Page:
Airman's MTI lineage spans three generations

  • Published
  • By Mike Joseph
  • 502nd Air Base Wing OL-A Public Affairs
Growing up, Staff Sgt. Jason Paxton knew it was only a matter time before he would follow in the family's boot prints.

While it's not uncommon to see family lineages in military service, what makes the Paxton family stand out is how they chose to spend part of their Air Force careers.

Sergeant Paxton is now going down the same path chosen by his father and grandfather as a military training instructor.

"Even when I was in high school, I knew I was going into the Air Force," said Sergeant Paxton, a 323rd Training Squadron MTI. "And I always knew at some point I was going to be a TI because I thought it would be cool to be a third generation TI."

The Paxton MTI lineage started 40 years ago. Jack Paxton joined the Air Force in 1954 to leave West Virginia "because there was really nothing for me there." He arrived at Lackland from Vietnam in 1970 to become an MTI. He spent the next four years as an MTI before retiring to a base civilian job.

It wasn't long after Mr. Paxton's retirement before Jack Paxton Jr., one of six children, followed his lead into Air Force blue.

"About a year after high school (in 1978), Dad woke me up one morning and said, 'You've got an appointment at the recruiter's office,'" Mr. Paxton Jr. said. "(At the time) I didn't know what I wanted to do -- my dad nudged me along. If I could go back and do it all over again, I'd do the same thing."

The "same thing" translated into an Air Force career. Twenty-two years later, Mr. Paxton Jr. retired as a senior master sergeant. He spent eight of those years in the MTI corps as a training instructor, section supervisor and superintendent.

"I knew I wanted to be a TI because I grew up with my father being a military training instructor," Mr. Paxton Jr. said. "The same thing with Jason -- he was around this environment when I was an MTI."

Jason, who joined the Air Force in 2001, arrived at Lackland AFB after deciding the time was right to apply for an MTI position. He was certified as an MTI last June.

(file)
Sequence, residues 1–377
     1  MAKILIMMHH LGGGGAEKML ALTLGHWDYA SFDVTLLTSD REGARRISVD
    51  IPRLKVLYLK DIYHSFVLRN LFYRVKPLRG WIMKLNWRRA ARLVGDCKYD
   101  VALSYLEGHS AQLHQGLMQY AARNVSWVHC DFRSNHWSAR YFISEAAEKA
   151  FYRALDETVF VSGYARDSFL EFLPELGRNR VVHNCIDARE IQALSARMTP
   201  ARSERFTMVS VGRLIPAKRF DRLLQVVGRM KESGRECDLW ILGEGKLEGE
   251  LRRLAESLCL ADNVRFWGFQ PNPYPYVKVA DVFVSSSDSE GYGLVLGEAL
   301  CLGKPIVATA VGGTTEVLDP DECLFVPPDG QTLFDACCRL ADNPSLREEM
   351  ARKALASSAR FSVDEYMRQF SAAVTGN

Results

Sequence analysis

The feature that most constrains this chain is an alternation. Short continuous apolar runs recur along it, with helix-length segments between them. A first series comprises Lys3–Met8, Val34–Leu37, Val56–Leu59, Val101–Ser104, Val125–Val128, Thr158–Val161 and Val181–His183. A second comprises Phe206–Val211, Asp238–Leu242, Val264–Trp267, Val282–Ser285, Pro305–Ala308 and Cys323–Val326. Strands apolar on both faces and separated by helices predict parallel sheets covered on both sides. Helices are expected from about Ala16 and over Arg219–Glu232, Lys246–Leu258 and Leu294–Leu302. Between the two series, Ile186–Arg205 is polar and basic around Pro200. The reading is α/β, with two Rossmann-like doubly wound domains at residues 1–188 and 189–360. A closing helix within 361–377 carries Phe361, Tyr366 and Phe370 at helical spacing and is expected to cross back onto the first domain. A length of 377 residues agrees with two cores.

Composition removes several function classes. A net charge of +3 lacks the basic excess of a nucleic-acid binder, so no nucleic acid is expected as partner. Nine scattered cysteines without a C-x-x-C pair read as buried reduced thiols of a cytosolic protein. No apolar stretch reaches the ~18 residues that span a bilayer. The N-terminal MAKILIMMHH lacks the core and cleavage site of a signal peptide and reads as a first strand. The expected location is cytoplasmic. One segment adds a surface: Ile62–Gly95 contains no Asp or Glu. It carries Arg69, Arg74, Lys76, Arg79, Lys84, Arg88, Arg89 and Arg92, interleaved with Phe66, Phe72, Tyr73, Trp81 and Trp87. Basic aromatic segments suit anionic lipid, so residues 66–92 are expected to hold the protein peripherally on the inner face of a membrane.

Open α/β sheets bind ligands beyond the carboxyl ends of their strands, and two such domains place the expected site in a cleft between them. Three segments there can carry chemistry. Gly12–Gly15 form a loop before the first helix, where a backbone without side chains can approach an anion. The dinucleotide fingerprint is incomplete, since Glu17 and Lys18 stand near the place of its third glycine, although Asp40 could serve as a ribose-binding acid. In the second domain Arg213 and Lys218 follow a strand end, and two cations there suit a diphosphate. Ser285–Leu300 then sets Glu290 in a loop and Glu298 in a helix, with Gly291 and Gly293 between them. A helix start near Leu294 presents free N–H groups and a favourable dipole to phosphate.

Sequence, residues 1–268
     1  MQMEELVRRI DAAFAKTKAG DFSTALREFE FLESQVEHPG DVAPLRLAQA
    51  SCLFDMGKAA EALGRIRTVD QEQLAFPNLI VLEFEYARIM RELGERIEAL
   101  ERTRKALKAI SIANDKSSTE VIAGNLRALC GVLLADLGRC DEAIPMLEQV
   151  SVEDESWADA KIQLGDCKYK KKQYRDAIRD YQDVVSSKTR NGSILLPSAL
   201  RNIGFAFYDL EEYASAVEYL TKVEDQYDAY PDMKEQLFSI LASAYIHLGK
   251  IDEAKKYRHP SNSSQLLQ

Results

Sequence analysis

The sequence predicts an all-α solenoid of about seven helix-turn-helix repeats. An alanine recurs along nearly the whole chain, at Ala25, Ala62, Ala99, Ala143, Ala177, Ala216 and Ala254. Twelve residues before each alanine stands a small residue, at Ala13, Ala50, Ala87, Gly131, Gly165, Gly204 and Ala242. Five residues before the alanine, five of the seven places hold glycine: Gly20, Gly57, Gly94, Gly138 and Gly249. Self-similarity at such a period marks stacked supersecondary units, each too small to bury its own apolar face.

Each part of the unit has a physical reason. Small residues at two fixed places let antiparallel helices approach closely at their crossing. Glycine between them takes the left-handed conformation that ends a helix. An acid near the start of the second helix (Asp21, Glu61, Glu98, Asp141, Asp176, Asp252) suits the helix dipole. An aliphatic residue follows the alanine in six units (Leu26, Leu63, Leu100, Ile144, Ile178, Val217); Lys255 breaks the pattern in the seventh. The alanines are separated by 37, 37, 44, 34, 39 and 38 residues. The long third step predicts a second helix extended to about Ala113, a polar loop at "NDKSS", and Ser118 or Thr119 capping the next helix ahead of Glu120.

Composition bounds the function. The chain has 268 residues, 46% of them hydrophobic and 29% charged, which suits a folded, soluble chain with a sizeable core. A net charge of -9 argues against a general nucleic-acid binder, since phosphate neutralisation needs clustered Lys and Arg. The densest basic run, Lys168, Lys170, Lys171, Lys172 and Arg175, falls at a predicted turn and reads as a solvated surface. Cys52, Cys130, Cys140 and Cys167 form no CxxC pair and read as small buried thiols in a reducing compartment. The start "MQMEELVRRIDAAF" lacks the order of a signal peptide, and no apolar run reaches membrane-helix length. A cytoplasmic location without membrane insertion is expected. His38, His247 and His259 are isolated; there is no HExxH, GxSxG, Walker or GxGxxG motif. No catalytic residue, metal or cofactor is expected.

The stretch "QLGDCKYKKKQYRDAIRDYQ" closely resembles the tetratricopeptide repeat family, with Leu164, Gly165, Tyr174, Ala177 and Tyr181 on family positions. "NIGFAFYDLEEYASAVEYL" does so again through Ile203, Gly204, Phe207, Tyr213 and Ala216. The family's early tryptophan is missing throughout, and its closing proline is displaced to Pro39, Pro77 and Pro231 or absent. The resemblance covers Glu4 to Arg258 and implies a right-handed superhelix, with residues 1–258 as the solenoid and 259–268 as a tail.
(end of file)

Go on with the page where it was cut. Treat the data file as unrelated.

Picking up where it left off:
Perhaps it was destiny calling when Sergeant Paxton was assigned to the 323rd TRS. The squadron is housed in the same recruit housing and training building where his father spent six years in the MTI corps. But that's not the only connection. Mr. Paxton Jr. was the MTI for Sergeant Paxton's current supervisor.

So when the three generations of Paxtons gathered at the squadron recently, it was like coming home.

"Jason runs into people all the time who knew me," Mr. Paxton Jr. said. "When I see what Jason's going through, it brings me back. And every time I walk in this building, it's like nothing's changed."

"I saw some trainees at parade rest (coming in) and I almost yelled at them," he added with a laugh.

But his personality and that of his father suggest otherwise.

"Anybody who meets Dad and Grandpa knows they are very, very laid back -- big time," Sergeant Paxton said. "Dad never brought it home. And if I didn't know, I'd have never thought Grandpa was a TI."

His father quickly agreed about his father. "People look at Dad as the nicest guy in the world," he said.

Mr. Paxton, too, enjoyed being an instructor and remembers his time at Lackland AFB.

"I still go back to the TI business in my dreams. It never leaves you," he said. "Sometimes I wake up marching, 'hut, two, three, four.' Some of it is TI and (some from Vietnam experiences)."

All three Paxtons agree job satisfaction far outweighs the long hours and demands.

"Three generations of TIs ... that says something about the career field," Mr. Paxton Jr. said. "I'd do it all over again. This was by far the best job I ever had."

As his father and son concurred, it explained the Paxton boot print in the Air Force.